Right NHS formula is to ‘keep it simple’

Over-complex IT results in diminishing returns, says Andrew Sakals


Over-complex IT results in diminishing returns, says Andrew Sakals

I have always disliked people who say “I told you so”, but I find I am turning into one of them when I read about the controversies and travails surrounding the NHS National Programme for IT.

I remember telling my Labour councillor that the idea of a Leeds resident falling ill while holidaying in Cornwall , and accessing their health records online, was a classic case illustrating the law of diminishing returns. Unfortunately, he was quick to dismiss my argument and instead pushed the party line.


After hearing that the NHS system was going to cost £6bn, I told my councillor that we already had systems available to send medical records, ie. by express delivery, fax or e-mail, and that the probability of this being necessary for most people was very small.


The Ford Cortina solution


I do not have the statistics, but I believe that the number of people who claim for medical treatment on their holiday insurance is fairly low. My family have been going on holiday for over 30 years, and have never had to avail ourselves of emergency NHS treatment while outside our local area.


In my early career as a systems analyst in the 1970s and 1980s, we often designed and implemented very adequate Ford Cortina-type systems that users found easy to use and that dealt with 99% of their regular cases. The rest were treated as special cases to be handled manually or with a system work-around.


To have gone on to develop systems that handled every eventuality would not only have made the systems unnecessarily complex, but would also not have been cost-effective. The users never wanted a “Rolls-Royce” system, just one that would make their lives easier. Do these basic principles no longer apply in today’s IT development projects?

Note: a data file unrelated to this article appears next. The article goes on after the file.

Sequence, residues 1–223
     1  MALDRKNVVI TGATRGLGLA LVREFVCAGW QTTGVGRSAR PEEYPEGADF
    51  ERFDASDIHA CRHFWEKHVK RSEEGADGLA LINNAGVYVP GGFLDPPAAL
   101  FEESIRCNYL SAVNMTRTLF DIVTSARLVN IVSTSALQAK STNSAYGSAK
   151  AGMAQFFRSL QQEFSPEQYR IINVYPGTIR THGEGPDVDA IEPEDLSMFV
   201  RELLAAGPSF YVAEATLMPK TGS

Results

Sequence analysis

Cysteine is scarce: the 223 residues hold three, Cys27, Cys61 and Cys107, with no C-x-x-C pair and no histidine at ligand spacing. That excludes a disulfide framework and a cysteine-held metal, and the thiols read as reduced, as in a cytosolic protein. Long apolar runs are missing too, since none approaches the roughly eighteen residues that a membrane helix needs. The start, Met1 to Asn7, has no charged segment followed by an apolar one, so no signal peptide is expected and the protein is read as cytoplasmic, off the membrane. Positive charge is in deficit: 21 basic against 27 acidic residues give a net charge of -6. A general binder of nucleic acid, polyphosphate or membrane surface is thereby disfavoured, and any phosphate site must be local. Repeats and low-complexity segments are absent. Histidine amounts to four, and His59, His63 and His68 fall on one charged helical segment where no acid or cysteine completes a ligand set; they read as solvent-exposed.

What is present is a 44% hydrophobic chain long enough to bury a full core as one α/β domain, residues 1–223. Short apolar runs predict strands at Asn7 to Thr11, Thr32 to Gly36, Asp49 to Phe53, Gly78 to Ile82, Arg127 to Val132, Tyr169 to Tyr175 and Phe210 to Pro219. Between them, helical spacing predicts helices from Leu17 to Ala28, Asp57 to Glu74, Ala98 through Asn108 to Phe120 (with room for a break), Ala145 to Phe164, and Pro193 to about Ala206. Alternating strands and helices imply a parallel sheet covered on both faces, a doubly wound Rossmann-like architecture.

A problem I found with some IT consultancy firms was that in their eagerness to please the client they would sometimes promise the earth, even if what they promised was technically unfeasible. Another crucial factor with any development project was the level of commitment of the users; in NPfIT’s case, this would be the medical profession.


What doctors want


I suspect doctors would find it difficult to defer to non-medico IT consultants telling them what data to collect with every patient visit. Such data administration activities are unlikely to make the doctor’s life easier and would detract from the time they would like to spend actually dealing with patients. What happens when the system goes down? The only chance of the system being a success is if the impetus comes from the doctors themselves.


I am surprised to find out that MPs are only just beginning to talk about investigating the feasibility of the system, as reported in Computer Weekly, 30 May. It begs the question, how much money has already been spent on a system that may not even be feasible?


Andrew Sakals is an IT consultant who has worked on projects for Bank of America, Pacific Bell, SwissRe and Norwich Union


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